Some English occupational nouns have also passed into surname usage, with surnames such as Engineer. Rajesh Pilot, an Indian ex-minister, adopted his surname after a stint in the Indian Air Force.

It is also common for people to name their children after international personalities. Most of the times the surname is used as a first name, like Einstein, Churchill, Kennedy, Beethoven, Shakespeare etc., and tend to denote the parents' political affiliations. Like in Western societies, parents are beginning to experiment with uncommon names, or are using words that aren't usually considered names, like Proton Padmanabhan, Alpha Jyothis and Omega Jyothis.

outh Indian names

For a long time, South Indians had a simple naming system. Historically, everyone was given a single name, which was chosen in one of three ways that South Indians chose their names on the basis of:

* The name of their village/town, e.g. Chitti, Kular, Chavali, Hattiangdi, Janaswamy,Hubli, Kokradi, Mangalore etc.
* Their family name, e.g. Pulithevar, Sahonta
* or both, e.g. Dantoj Pranith Kumar

The concepts of initials, middle names, family names and surnames are foreign to a Tamil. Everyone had a single name like "Murugesh" or "Lakshmanan". Occasionally these names were extremely lengthy. A lengthy name could be interpreted as a sign of parental affection. However it was not the full name of a particular family, nor did it give more information about that family.

Under British rule, Indians were expected to follow English procedures for official purposes such as registering births, enrolling children in school and registering land ownership details.

Many South Indians, especially Telugu people, use the name of their ancestral hometown, or the family profession as the family name. In this case the surname is placed before the given name. Some Tamil people have both a village name and a caste name as part of their name, for instance "Madurai Mani Iyer". Here, Madurai is a town and Iyer is a caste. Many Keralites especially Syrian Christians use as the "tharavaad", a description of their ancestral home. Names like Pramod Perumparambil and Paul Chemmanoor fall under this category.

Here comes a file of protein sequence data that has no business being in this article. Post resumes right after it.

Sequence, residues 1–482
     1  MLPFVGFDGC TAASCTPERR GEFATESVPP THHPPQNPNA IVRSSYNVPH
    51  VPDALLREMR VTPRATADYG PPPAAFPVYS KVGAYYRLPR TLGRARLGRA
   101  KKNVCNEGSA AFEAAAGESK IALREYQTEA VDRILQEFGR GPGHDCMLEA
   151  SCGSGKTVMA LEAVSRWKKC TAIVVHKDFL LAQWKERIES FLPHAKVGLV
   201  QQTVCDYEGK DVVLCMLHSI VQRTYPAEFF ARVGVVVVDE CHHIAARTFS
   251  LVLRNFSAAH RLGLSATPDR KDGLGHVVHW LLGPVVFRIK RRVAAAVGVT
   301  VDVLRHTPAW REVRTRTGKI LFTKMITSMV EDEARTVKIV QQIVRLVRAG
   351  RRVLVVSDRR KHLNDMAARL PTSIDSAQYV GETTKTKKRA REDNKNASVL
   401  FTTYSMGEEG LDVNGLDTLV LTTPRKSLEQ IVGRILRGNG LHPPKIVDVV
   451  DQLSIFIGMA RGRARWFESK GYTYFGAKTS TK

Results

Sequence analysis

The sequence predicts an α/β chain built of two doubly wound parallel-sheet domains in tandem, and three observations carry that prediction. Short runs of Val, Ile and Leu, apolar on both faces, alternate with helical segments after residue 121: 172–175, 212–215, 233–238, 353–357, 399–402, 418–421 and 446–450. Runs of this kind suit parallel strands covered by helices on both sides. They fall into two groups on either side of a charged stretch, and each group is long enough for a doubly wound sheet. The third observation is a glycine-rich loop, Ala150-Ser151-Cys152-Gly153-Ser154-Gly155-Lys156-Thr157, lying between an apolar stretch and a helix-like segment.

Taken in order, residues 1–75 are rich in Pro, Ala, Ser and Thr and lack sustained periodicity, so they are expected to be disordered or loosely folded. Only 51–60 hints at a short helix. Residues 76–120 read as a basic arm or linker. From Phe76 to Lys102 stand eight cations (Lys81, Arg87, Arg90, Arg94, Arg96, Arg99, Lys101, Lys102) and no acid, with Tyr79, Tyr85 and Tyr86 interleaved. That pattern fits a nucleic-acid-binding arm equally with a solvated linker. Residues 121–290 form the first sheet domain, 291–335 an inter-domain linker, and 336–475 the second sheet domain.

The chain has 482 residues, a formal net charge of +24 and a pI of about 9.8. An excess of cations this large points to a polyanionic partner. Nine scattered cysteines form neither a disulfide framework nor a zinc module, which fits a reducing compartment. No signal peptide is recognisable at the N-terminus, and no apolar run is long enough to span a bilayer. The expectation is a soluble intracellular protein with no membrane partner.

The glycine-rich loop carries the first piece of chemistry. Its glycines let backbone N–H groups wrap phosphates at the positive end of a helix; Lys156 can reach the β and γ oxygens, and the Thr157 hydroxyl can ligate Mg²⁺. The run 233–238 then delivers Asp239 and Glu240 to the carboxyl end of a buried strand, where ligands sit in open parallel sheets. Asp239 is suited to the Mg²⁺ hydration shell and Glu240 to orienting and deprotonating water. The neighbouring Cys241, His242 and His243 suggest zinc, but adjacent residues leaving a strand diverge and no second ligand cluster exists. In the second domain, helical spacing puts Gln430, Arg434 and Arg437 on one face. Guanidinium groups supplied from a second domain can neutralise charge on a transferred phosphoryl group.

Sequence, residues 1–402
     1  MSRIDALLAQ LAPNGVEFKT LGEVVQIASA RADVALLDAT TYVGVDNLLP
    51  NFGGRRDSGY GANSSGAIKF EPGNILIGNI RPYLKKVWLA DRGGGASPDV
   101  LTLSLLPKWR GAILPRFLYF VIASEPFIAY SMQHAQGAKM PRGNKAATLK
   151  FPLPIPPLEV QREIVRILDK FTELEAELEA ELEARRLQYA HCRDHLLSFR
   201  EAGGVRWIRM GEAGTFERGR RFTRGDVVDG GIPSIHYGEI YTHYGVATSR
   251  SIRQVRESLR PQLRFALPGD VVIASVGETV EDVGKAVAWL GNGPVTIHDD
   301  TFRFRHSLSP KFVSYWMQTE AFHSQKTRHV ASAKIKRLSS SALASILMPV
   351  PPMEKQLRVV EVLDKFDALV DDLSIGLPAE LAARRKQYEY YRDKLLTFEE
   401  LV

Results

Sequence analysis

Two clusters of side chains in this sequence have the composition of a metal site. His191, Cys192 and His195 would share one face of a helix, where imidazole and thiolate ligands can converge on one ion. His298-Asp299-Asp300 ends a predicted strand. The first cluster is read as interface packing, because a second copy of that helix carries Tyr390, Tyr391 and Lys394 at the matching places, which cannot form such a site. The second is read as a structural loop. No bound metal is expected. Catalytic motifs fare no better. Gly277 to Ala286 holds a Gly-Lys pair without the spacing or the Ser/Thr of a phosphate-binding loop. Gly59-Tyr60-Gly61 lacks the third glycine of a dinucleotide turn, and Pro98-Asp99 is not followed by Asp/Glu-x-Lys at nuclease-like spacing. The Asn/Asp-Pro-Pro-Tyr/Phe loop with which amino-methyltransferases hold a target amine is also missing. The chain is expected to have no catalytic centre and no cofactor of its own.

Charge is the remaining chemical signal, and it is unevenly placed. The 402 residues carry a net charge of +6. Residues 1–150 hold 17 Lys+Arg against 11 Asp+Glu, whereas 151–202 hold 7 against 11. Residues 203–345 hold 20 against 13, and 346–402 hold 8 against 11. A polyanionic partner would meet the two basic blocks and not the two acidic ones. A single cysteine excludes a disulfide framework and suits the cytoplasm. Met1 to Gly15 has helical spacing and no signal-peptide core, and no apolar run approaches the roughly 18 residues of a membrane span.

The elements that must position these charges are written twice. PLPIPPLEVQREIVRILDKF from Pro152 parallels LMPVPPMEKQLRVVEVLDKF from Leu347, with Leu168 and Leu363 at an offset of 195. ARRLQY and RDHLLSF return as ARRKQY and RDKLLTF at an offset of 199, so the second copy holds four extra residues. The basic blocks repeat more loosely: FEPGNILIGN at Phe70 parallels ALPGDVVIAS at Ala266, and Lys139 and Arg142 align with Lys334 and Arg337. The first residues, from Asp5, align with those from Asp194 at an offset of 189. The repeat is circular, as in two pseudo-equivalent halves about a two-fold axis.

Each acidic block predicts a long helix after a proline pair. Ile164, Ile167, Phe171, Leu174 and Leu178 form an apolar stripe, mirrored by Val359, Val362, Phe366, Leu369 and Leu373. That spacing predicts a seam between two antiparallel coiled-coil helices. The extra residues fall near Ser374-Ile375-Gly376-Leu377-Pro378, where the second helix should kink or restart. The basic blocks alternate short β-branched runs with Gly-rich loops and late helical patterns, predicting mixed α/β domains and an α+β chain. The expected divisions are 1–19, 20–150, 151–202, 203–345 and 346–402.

In southern India, especially in Tamil Nadu where caste symbols tend to be kept private, there is widespread usage of a patronymic: use of the father's given name as the second name. This means that the given name of one generation becomes the second name of the next. In many cases, this second name is used as an initial and the given name may appear like a second name. For example a name like "Ajith Abraham" means "Ajith son of Abraham". If Ajith then has a son named Ashwin, then his name would be Ashwin Ajith.

It is common for Tamil women to adopt their husband’s given name as a second name. Sunitha Gopalan (Sunitha daughter of Gopalan) might change her name to Sunitha Rajiv (Sunitha wife of Rajiv) after marriage. Some South Indians use an inverted patronym. For example, Chitra Visweswaran is a dancer whose last name is either a patronym or the given name of her husband. More common among women, the inverted patronym is also adopted by people migrating West who want to be called by their given names without having to explain Indian naming conventions. The given names of their fathers or husbands become their family names.

Among Christians in Kerala, it is a common practice to have a second given name (middle name) which is the baptismal name, usually the first name of a grandparent or godparent, like Roshni Mary George and Anoop Antony Philip. Until about two decades ago, some people were named in the 'Family name-Given name-Caste' format. Eg Kannoth Karunakaran Maarar, interpreted as Karunakaran of the Maarar caste from the Kannoth family.


In Western societies, when there are two people with the same name, for example, Robert Jones and Robert Smith, in an elementary school class, they are referred to as Robert J. and Robert S. respectively to avoid confusion. But two Ramans in South India have just the one name each. So the names of their fathers are used as initials instead of a surname. Raman, son of Gopal, would be G. Raman, and Raman, son of Dinesh, D. Raman. This led to the initial system, mostly followed in South India. Most schools automatically add the initials upon enrollment.

In some parts of Tamil Nadu, traditional family names have recently been abandoned in favour of a father's/husband's given name as a family name. The use of a father's/husband's given name as a family name is in vogue. These names are also used as initials. School and college records would have the names with initials as given below.
* "S. Janaki" - the family name initial and then the given name.
* "S. Janaki" might also be written as "Janaki Sridar" in legal documents.